Positive Impact of Policy through PolicyCON

PolicyCON and its positive impact on individuals willing to harness their inner dialogue and let the world know their opinion on policy through the right channels.

When individuals think about policy, and I am guilty of this, we envisage a group of men with suits sitting in a large board room discussing areas they believe need reforming. The general public’s opinion is not a top priority, if even it is considered at all. I believe such preconceived perceptions of policymakers come from recent decisions that have sparked media interest and social media outcry—namely, the American Supreme Court judgment to overturn Roe v Wade. Consequently, in more than 20 states, abortion is banned or restricted earlier in the pregnancy. Women’s health organisations have heavily opposed this decision throughout the legal and policy but to no avail.

Now, you might be thinking, why is this relevant to PolicyCON? Unfortunately, the company cannot overturn the Supreme Court’s decision. It is lobbying in the right direction to engage individuals such as activists, blue-collar workers and interested individuals and direct them to the process in which the Policy is made. Ascertaining a diverse view of a specific subject will be reflected once the policy is made. Consequently, a larger population of individuals may benefit from such a policy.

PolicyCON aims to revolutionise how individuals engage with policy; this includes connecting individuals who may not be policy professionals with the policy-making process. This allows a diverse array of perspectives during the policy-making process that can create a fairer and more beneficial policy.

The five stages of Policy development include: 1) identifying the issue the policy will rectify. 2) setting an agenda, 3) formulating the aforementioned policy, 4) implementing, and 5) evaluating the policy.

The presence of individuals within each stage of the policy-making process would have a direct impact on the resulting creation of the policy. This is often an understated impact; for example, if a group of corporate individuals on a salary of, let’s say $150,000 were deciding on the sickness policy for workers of a big company. And let’s say they decided between themselves, with limited outside consultation, that sick days should not be paid for the first week. The impact this would have on a minimum wage worker who was genuinely ill and needed the money to pay for rent and utilities would be monumental; now, if this was compared to the above-average salary earner of $150,000, there is an apparent numerical disparity. This disparity can also be reflected in the attitudes of high earners; for example, they may not fully understand what was at risk when they decided not to pay sick days for the first week. In turn, the worker would then struggle to make maybe ends meet. This is why connecting regular people with policy-making professionals and the process is highly integral, as policy’s impact on thousands of lives is so understated.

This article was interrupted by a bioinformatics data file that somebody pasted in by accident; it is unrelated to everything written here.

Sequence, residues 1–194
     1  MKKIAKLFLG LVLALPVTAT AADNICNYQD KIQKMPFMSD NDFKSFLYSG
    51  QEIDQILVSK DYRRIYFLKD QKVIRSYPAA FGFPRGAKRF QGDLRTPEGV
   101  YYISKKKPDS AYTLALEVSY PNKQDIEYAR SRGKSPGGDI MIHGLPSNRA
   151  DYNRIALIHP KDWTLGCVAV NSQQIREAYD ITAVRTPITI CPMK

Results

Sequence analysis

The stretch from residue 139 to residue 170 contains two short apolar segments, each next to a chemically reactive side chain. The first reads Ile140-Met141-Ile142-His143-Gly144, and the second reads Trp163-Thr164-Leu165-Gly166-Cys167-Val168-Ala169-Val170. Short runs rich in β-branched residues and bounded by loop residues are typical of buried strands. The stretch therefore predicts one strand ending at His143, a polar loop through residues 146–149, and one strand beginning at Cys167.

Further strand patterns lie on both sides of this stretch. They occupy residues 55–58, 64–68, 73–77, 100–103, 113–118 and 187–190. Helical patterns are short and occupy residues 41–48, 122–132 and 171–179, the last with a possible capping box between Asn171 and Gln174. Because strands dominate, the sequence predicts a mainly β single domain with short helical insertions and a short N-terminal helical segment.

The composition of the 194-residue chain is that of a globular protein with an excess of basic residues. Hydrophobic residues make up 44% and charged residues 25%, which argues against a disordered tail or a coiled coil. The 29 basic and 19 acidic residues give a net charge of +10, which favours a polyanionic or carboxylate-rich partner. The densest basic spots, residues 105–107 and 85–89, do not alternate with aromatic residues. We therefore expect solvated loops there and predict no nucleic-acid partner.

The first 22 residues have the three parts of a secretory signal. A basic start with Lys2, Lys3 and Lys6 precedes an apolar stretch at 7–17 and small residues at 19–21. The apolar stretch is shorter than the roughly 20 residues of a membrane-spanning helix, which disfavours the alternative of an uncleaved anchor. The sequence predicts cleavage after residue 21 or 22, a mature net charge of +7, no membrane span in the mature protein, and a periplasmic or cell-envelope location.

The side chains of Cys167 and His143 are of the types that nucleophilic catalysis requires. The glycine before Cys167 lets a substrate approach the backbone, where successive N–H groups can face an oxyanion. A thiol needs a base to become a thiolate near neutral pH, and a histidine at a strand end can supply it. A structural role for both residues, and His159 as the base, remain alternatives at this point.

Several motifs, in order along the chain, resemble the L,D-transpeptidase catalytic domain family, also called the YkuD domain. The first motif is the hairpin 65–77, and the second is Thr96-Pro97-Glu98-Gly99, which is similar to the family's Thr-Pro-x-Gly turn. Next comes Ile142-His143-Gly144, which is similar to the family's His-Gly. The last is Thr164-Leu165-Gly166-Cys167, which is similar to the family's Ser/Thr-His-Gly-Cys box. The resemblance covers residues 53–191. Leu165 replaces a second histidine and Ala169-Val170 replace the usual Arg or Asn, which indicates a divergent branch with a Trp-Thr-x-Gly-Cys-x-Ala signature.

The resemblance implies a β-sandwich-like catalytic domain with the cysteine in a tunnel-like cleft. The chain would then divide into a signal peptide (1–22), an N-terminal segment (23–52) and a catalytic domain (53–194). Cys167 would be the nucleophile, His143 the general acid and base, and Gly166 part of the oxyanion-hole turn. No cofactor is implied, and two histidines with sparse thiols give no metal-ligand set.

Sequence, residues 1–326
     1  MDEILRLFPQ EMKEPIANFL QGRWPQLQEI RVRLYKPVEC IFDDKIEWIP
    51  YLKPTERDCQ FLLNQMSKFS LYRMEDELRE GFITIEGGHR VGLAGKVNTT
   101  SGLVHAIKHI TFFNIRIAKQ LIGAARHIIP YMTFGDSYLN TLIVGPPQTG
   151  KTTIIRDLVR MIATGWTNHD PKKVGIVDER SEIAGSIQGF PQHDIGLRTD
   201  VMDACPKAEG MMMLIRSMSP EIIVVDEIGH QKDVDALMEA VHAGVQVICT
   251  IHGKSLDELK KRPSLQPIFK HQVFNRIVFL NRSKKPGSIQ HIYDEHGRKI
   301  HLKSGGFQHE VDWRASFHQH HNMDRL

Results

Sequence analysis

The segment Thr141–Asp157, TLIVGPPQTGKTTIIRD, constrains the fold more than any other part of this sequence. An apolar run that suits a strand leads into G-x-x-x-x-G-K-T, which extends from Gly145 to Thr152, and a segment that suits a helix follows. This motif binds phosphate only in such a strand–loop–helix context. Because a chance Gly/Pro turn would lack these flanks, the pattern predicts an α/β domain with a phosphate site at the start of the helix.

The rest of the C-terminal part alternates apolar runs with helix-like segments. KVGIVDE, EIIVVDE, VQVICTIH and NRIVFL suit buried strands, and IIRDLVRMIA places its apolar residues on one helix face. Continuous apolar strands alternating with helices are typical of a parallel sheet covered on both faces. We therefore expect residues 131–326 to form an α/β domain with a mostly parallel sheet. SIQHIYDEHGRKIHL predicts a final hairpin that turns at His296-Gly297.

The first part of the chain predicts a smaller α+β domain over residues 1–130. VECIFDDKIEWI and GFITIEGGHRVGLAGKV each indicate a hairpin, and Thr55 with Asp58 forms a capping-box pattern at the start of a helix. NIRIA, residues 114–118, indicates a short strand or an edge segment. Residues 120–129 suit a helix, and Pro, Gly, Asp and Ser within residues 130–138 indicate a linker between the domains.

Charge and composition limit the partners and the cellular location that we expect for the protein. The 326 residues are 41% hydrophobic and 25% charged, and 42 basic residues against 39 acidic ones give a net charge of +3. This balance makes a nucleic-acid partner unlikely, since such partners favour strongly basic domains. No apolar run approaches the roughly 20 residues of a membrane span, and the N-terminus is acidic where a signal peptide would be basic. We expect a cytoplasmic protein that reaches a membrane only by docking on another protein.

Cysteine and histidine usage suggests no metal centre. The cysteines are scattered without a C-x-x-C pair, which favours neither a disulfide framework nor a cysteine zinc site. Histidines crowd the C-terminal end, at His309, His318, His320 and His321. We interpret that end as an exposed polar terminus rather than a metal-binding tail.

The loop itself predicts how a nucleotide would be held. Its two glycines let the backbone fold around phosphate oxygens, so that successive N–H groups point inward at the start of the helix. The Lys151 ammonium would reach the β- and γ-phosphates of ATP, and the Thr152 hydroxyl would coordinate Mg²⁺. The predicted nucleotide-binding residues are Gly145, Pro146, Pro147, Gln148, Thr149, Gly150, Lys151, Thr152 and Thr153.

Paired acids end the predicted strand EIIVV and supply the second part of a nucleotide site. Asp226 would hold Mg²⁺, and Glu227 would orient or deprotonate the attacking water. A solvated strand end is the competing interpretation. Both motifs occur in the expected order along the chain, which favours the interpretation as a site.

With the evolution of social media, especially TikTok, within this last century, many people are expressing their disgust and discontentment with some regions of their work, for example, the lax policies on mental health and denying the impact this can have on the well-being of workers. Such energy would be better channelled engaging with policy making. Whilst social media would get the message out, it would only reach some right people; no part of the policy-making processes scours social media looking for issues a few disgruntled employees are having.

However, if they became the change by partaking in the policy-making process, this would be more beneficial for the employee and encourage any other individual with similar grievances to speak out to remedy the situation. For example, if a company refuses to acknowledge bad mental health as a genuine reason for calling out sick to work, this should be remedied through the policy-making process. During discussions with the policymakers of that company or public policy which would become law, these concerns by workers could be expressed, and such matters would have to be acknowledged by almost all the stages of the policy-making process. The result could lead to a company being mandated by law to acknowledge bad mental health as a viable reason to take a sick day.

To summarise this column, it is evident that PolicyCON aims to bridge the gap between policymakers and the general public, allowing for a more diverse perspective during the policy-making process. This, as a whole, will have a gigantic impact on thousands of workers across the country as such policies are being created, giving regard to everyday workers who keep the economy running by keeping shelves stacked, growing crops and providing the nation with the essentials for life and living, which without a doubt, is the most important job of all.